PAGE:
A good clipping algorithm is the Cohen-Sutherland algorithm. The function containing this algorithm is already included in QuickCG in the file QuickCG.cpp and is called clipLine. You pass the coordinates of the old line, and the coordinates of the new line by reference so that the function can return the coordinates of the new line by changing those parameters.

Clipping is a very important aspect of 3D graphics, and so in the 3D Lines tutorial, this 2D Clipping function is used often.

- Case A: both endpoints are inside the screen, no clipping needed.
- Case B: one endpoint outside the screen, that one had to be clipped
- Case C: both endpoint are outside the screen, and no part of the line is visible, don't draw it at all.
- Case D: both endpoint are outside the screen, and a part of the line is visible, clip both endpoints and draw it.

The center region is the screen, and the other 8 regions are on different sides outside the screen. Each region is given a binary number, called an "outcode". The codes are chosen as follows:

- If the region is above the screen, the first bit is 1
- If the region is below the screen, the second bit is 1
- If the region is to the right of the screen, the third bit is 1
- If the region is to the left of the screen, the fourth bit is 1

Both endpoints of the line can lie in any of these 9 regions, and there are a few trivial cases:

- If both endpoints are inside or on the edges of the screen, the
line is inside the screen or clipped, and can be drawn. This case
is the
**trivial accept**. - If both endpoints are on the same side of the screen (e.g.,
both endpoints are above the screen), certainly no part of the line
can be visible on the screen. This case is the
**trivial reject**, and the line doesn't have to be drawn.

- Trivial Accept: both endpoints have to be in the region with
code 0000, so the trivial accept case only happens if
`code1 | code2 == 0`, where code1 and code2 are the codes of both endpoints of the line, and '|' is the binary OR operator, which can only return 0 if both codes are 0. - Trivial Reject: because of the way the codes of the regions
were chosen, only if both endpoints of the line are on the same
side of the region, both codes will have two corresponding bits
that are both 1. For example, only if both endpoints are on the
left of the screen, the fourth bit of both codes is 1. So, the
trivial reject case is detected if
`code1 & code2 != 0`, where & is the binary AND operation. The binary AND operation only returns a non zero result if two corresponding bits are 1.

The function that uses the Cohen Sutherland Clipping Algorithm is the clipLine function from QuickCG, which is in the QuickCG.cpp file. It uses an auxiliary function, findRegion, that returns the binary code of the region a given endpoint is in. For example to set the second bit to 1, you have to 'OR' the code with 4 (the first bit represents 8, the second 4, the third 2, and the firth (the primary bit) represents 1).

```
int findRegion(int x, int y)
{
int code=0;
if(y >= h)
code |= 1; //top
else if(y < 0)
code |= 2; //bottom
if(x >= w)
code |= 4; //right
else if (x < 0)
code |= 8; //left
return(code);
}
``` |

The clipLine function loop starts with detecting if there's a trivial case:

```
bool clipLine(int x1, int y1, int x2, int y2, int & x3, int & y3, int & x4, int & y4)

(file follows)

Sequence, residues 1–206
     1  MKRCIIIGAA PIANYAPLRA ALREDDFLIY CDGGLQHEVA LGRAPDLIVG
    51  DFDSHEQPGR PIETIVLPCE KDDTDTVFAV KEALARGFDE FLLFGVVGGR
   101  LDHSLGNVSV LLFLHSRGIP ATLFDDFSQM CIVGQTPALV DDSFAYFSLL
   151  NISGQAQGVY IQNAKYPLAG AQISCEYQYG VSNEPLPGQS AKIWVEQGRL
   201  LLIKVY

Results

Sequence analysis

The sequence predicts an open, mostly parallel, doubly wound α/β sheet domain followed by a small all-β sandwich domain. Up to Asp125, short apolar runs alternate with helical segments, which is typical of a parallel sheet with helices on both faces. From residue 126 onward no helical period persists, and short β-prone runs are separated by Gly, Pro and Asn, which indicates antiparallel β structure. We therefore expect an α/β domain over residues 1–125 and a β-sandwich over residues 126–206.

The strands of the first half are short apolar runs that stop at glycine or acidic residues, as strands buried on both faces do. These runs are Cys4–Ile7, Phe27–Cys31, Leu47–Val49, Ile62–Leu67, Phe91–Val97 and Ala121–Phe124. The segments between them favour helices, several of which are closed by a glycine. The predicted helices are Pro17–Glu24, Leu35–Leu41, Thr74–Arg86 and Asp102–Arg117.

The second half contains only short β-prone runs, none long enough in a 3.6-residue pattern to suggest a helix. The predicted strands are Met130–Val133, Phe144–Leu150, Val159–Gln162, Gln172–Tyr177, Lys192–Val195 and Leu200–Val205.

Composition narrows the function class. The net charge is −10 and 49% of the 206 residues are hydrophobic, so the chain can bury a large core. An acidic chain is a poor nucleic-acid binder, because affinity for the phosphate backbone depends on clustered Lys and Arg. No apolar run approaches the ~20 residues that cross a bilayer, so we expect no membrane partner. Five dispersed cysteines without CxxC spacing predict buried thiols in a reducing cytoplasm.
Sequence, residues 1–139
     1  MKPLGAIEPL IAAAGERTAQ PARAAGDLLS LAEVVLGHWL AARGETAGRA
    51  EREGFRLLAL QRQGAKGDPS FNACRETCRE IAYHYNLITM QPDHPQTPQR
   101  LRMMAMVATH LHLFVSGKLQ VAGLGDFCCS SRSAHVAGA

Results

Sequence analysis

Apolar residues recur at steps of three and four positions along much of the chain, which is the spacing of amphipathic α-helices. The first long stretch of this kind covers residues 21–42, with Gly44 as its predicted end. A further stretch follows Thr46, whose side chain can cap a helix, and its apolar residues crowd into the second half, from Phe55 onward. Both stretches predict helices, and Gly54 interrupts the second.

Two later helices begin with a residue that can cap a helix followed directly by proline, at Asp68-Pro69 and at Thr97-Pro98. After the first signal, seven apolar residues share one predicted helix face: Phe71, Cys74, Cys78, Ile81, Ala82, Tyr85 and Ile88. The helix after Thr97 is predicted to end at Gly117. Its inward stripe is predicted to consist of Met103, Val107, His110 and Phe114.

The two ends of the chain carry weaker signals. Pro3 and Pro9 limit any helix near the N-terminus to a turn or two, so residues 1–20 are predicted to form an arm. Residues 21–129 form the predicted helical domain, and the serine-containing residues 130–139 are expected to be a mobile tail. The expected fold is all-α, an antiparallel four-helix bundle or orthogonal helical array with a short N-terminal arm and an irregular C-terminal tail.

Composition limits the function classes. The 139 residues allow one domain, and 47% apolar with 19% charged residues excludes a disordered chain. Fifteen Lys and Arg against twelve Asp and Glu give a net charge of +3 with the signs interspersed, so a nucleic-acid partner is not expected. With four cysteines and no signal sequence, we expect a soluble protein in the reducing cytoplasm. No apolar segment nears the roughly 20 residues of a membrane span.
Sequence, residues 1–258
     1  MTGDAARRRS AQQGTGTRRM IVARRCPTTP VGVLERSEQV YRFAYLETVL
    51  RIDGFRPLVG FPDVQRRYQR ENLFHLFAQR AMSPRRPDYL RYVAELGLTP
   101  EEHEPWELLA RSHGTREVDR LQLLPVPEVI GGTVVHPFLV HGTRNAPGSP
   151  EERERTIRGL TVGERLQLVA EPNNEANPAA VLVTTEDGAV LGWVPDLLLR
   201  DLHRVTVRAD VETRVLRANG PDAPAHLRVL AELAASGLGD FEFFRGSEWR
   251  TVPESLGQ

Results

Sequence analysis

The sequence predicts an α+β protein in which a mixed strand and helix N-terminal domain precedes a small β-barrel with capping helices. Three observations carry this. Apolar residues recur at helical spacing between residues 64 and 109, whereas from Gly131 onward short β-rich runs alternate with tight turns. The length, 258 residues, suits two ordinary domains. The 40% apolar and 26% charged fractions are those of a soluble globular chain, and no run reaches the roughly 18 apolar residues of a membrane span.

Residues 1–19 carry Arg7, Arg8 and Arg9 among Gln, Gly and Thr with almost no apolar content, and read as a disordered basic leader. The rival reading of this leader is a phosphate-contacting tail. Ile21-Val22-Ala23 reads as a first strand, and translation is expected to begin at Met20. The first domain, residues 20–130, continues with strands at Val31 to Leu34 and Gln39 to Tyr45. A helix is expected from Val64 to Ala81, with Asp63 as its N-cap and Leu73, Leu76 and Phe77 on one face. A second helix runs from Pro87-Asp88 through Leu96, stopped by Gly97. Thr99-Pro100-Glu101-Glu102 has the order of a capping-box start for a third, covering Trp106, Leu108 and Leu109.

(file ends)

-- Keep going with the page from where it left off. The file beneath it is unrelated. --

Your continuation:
{
int code1, code2, codeout;
bool accept = 0, done=0;
code1 = findRegion(x1, y1); //the region outcodes for the endpoints
code2 = findRegion(x2, y2);
do //In theory, this can never end up in an infinite loop, it'll always come in one of the trivial cases eventually
{
if(!(code1 | code2)) accept = done = 1; //accept because both endpoints are in screen or on the border, trivial accept
else if(code1 & code2) done = 1; //the line isn't visible on screen, trivial reject
``` |

If no trivial case was detected, the line has to be clipped. Only one of the 4 possible clipping operations is done at the time. To clip, one coordinate of 1 endpoint is set to one of the borders of the regions, which also happen to be the coordinates of borders of the screen, and the other coordinate of that point is recalculated by filling in the equation of the line. To detect which clipping operation has to be performed, an endpoint that's not inside the screen has to be chosen. The code of that endpoint is called codeout, and is set to either code1 or code2 depending on which of those isn't zero.

```
else //if no trivial reject or accept, continue the loop
{
int x, y;
codeout = code1 ? code1 : code2;
if(codeout & 1) //top
{
x = x1 + (x2 - x1) * (h - y1) / (y2 - y1);
y = h - 1;
}
else if(codeout & 2) //bottom
{
x = x1 + (x2 - x1) * -y1 / (y2 - y1);
y = 0;
}
else if(codeout & 4) //right
{
y = y1 + (y2 - y1) * (w - x1) / (x2 - x1);
x = w - 1;
}
else //left
{
y = y1 + (y2 - y1) * -x1 / (x2 - x1);
x = 0;
}
``` |

The part above calculated the new coordinates of the clipped point, and now the coordinates have to be set to endpoint1 or endpoint2 depending which endpoint codeout represented. This is also the end of the loop, after this either the line entered a trivial case, or it's still not a trivial case and the loop is performed again to do more clipping.

```
if(codeout == code1) //first endpoint was clipped
{
x1 = x; y1 = y;
code1 = findRegion(x1, y1);
}
else //second endpoint was clipped
{
x2 = x; y2 = y;
code2 = findRegion(x2, y2);
}
}
}
while(done == 0);
``` |

After the loop and thus the clipping is done, the function sets the 4 coordinates of the new line (which were passed to the function by reference) and returns whether or not we had a trivial accept or a trivial reject.

```
if(accept)
{
x3 = x1;
x4 = x2;
y3 = y1;
y4 = y2;
return 1;
}
else
{
x3 = x4 = y3 = y4 = 0;
return 0;
}
}
``` |

Last edited: 2004

Copyright (c) 2004-2007 by Lode Vandevenne. All rights reserved.